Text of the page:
I corresponded earlier today with Andrew Levison about my post on his TNR piece arguing the white working class problem of the Democratic Party extended beyond the South, and he directed my attention to a long-form article at the Prospect by Anna Clark on that very problem in the Midwest. I’m glad he did.
Clark paints a picture of the industrial Midwest (focusing especially on Michigan) that represents more or less the flip side of Democratic optimism about the Obama Coalition. The region isn’t attracting many new minority residents; indeed, African-Americans are fleeing it for the Sunbelt. The population outside urban centers is increasingly white and elderly, which at the moment means more Republican. And Republicans have been aggressively using the power they gained in state after state in 2010 to gerrymander congressional and state legislative districts, but more importantly, to accelerate the de-unionization trends that are having profound economic and political effects on the region. Read this and weep:
The nationwide fall in union membership has been particularly steep in Michigan, where unions had more members to lose than just about anyplace else. Membership dropped by nearly 30 percent over the past five decades in the state—even before the Republican legislature enacted a right-to-work law in 2013….
Deunionization isn’t limited to Michigan, of course. In Indiana, nearly 41 percent of workers were union members in 1965, but that fell to 11 percent in 2011. After Indiana’s right-to-work legislation was signed into law that year, union membership fell further, down to 9 percent after one year. Ohio saw the unionized share of its workforce fall from 38 percent to 14 percent between 1964 and 2011.
Republicans have deftly capitalized on this growing display of political impotency by gutting what remained of the Democrats’ labor machine. Wisconsin’s Scott Walker put severe restrictions on public employees’ collective bargaining. (In Ohio, Kasich also seriously restricted collective-bargaining rights, but voters overturned this.) The subsequent union-led campaign to recall Walker failed decisively: The governor defeated his Democratic challenger by 7 percentage points. Wisconsin’s union membership abruptly dropped after Walker’s curtailment of collective bargaining. Exit polls in 2012 revealed that the union-household vote made up the smallest share of Wisconsin votes in at least 20 years, according to a Milwaukee Journal Sentinel analysis. Walker himself acknowledged how this directly affected the Democrats’ support system: “Their power before was the power of numbers, both in terms of turning people out and more important how much money they could draw from that,” he told the paper.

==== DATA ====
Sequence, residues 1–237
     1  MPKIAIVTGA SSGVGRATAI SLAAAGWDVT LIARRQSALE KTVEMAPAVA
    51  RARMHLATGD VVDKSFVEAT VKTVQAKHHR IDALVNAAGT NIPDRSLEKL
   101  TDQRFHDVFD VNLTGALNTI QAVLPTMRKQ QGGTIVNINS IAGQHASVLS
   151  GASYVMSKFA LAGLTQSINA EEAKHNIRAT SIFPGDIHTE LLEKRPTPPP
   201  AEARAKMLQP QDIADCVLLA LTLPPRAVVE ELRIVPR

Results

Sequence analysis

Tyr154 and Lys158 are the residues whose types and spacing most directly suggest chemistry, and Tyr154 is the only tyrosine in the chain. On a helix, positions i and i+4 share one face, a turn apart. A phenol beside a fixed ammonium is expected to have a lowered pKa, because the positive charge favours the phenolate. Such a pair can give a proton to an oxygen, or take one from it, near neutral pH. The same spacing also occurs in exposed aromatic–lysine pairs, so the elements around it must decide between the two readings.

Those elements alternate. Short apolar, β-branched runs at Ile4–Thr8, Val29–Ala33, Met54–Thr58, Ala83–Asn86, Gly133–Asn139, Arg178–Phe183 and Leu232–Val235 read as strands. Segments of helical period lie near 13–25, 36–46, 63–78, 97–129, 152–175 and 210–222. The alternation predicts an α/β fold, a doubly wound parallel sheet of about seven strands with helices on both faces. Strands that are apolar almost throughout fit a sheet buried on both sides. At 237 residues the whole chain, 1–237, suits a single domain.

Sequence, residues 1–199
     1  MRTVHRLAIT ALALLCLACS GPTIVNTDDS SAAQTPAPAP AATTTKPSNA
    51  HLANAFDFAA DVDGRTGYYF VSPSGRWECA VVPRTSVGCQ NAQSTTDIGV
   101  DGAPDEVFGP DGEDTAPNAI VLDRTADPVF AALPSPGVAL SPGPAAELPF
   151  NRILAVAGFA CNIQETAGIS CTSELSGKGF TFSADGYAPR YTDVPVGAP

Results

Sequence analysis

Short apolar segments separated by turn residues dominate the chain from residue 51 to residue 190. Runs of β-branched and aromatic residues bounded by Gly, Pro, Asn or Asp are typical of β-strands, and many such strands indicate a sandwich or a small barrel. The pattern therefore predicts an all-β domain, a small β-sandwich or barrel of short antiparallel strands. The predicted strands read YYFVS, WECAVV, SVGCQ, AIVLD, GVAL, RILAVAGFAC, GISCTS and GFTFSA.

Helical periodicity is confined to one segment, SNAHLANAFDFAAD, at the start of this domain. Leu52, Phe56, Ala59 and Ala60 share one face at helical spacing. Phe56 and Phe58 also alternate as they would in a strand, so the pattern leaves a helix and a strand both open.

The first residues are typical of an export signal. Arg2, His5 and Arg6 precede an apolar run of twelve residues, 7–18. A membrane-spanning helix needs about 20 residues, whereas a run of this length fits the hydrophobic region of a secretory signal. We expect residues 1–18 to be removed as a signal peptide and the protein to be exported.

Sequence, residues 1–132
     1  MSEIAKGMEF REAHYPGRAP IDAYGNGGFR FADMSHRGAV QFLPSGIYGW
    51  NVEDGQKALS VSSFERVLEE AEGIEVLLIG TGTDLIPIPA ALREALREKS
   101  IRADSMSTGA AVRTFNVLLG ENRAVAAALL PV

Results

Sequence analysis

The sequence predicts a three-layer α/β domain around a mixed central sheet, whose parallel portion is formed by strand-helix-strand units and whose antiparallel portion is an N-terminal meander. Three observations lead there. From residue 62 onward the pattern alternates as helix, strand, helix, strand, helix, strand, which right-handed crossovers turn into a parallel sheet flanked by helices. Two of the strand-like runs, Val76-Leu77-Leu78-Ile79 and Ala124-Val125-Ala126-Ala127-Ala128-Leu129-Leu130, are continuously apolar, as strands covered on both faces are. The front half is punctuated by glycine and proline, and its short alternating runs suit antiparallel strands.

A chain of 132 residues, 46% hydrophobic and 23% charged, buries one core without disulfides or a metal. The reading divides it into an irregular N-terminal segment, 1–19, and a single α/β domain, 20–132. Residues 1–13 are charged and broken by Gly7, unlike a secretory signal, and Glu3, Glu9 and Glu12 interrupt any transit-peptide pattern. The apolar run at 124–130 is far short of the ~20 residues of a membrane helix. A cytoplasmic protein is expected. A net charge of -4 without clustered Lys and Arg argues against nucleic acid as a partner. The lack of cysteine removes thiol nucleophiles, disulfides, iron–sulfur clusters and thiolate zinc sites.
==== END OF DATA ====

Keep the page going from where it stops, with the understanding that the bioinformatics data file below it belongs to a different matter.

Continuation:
These are all familiar trends and developments, but when you put them together and think about them regionally, it’s alarming. Finding a way to offset de-unionization—other than fighting laws and policies that encourage it, of course—is one of the big organizational challenges for Democrats outside big urban areas that Levison talks about. Added to the demographic challenges, and the real-life challenges of finding ways to improve the lives of the people involved, and it’s apparent Democrats are wrong if they think of the “Rust Belt” as a place where they are guaranteed future victories.
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